We can also see a shift in the U.S. from conservation to resourcism among several prominent and influential entities. Once the preeminent conserver of biological diversity, The Nature Conservancy has been steadily moving to a resourcist approach. They talk now of “working landscapes,” a fancy euphemism for logging and livestock grazing, and demand that their employees talk about people instead of Nature. High County News, once a feisty voice for grassroots conservationists in the West, has steadily turned into a voice for resourcism: not the preservation of wilderness, but the preservation of happy little resource-extraction communities, and for negotiated settlements between conservationists and resource-extraction industries, which usually favor industry.
Some consultants, foundations, and political realists are urging grassroots wilderness groups to compromise in order to pass wilderness legislation that may or may not adequately protect existing wilderness. This encouragement of appeasement is based on a desire to pass bills, and an overreaction to the narrow victory of the radical right in the 2004 election. Another source for this push to compromise is the fuzzyheaded wish that if people only talk together, everything can be worked out.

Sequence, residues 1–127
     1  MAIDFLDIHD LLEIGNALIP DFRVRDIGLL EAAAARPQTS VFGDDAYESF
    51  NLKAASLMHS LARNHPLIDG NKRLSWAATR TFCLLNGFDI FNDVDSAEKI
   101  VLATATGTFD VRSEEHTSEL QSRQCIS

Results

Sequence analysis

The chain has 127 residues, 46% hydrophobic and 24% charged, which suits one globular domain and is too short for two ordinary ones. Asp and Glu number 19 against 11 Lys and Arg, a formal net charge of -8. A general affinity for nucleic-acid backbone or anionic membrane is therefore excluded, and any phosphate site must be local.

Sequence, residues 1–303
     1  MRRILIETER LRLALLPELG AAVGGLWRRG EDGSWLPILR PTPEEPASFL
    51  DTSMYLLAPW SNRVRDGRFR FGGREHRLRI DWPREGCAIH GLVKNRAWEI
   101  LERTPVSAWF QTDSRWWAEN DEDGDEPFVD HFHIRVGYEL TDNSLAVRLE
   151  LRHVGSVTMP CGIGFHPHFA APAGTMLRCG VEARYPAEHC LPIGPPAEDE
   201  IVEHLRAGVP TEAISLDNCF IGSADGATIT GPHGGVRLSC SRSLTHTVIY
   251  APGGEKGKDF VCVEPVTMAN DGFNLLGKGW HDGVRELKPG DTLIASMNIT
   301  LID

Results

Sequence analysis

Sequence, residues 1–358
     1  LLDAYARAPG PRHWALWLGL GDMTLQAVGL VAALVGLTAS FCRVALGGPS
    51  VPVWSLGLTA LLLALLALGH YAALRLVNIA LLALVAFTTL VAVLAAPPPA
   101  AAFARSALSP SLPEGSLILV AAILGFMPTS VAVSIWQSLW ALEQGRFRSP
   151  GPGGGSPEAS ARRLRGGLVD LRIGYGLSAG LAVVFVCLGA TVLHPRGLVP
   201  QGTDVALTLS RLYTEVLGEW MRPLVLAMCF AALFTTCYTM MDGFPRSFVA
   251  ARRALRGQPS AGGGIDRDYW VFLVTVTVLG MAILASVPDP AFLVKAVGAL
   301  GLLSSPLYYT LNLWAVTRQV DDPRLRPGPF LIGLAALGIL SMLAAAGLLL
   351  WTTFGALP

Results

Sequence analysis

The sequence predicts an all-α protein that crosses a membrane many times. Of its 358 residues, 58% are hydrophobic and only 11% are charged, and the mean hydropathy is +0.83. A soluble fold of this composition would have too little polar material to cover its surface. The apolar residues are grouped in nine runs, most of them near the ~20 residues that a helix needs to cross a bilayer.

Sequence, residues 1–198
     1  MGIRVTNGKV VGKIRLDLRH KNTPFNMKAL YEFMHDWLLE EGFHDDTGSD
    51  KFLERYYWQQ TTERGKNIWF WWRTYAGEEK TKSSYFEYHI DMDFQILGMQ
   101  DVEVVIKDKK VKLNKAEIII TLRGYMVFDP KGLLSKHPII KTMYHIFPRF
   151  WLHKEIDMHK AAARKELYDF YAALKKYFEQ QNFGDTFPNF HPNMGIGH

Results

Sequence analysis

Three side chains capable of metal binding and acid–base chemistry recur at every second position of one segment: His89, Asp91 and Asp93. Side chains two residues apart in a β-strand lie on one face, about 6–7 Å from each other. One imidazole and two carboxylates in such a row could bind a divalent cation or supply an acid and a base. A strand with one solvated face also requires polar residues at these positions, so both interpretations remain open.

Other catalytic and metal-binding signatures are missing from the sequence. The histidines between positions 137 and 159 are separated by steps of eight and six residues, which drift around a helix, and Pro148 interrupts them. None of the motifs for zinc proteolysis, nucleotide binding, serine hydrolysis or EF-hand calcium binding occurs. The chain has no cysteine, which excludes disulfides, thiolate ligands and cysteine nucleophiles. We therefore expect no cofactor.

Several bright young men have gained a disturbing amount of attention with their recent speeches about the “death” of environmentalism. Insofar as they consider Nature protection at all, they demand that conservationists drop their priorities to focus on social justice and other anthropocentric progressive causes. Overall, they call on environmental organizations to essentially go out of business and just become part of the progressive wing within the Democratic Party. The overwhelming identification of environmentalism with the progressive movement and the Democratic Party is a key reason that it lacks credibility with much of the American public.
Just as there has been a disturbing shift in attitudes among large segments of the American public, so have there been problematic changes among members of the conservation public. To be blunt, many of the employees and activists with conservation groups are ignorant of our history and have not read the classic books of conservation. There is an appalling lack of intellectual curiosity in the movement. On the whole, the radical right and grassroots anticonservationists both read and think more than do conservationists and environmentalists. As far as outdoor recreation goes, young people, who once would have been hikers and backpackers, now seek thrills on mountain bikes and thus cut themselves off from experiencing Nature and from having self-interest in protecting roadless areas. I don’t see kids out messing around in little wild patches; they’re inside, plugged in to a virtual reality.
These are trends. Of course there are exceptions. Dwelling on the exceptions, though, keeps us from doing something about the real problems. I’m not doing “nuance” here. This sober, unapologetic cataloging of the array of problems Nature conservationists face is, I am convinced, the first step in developing a more effective strategy.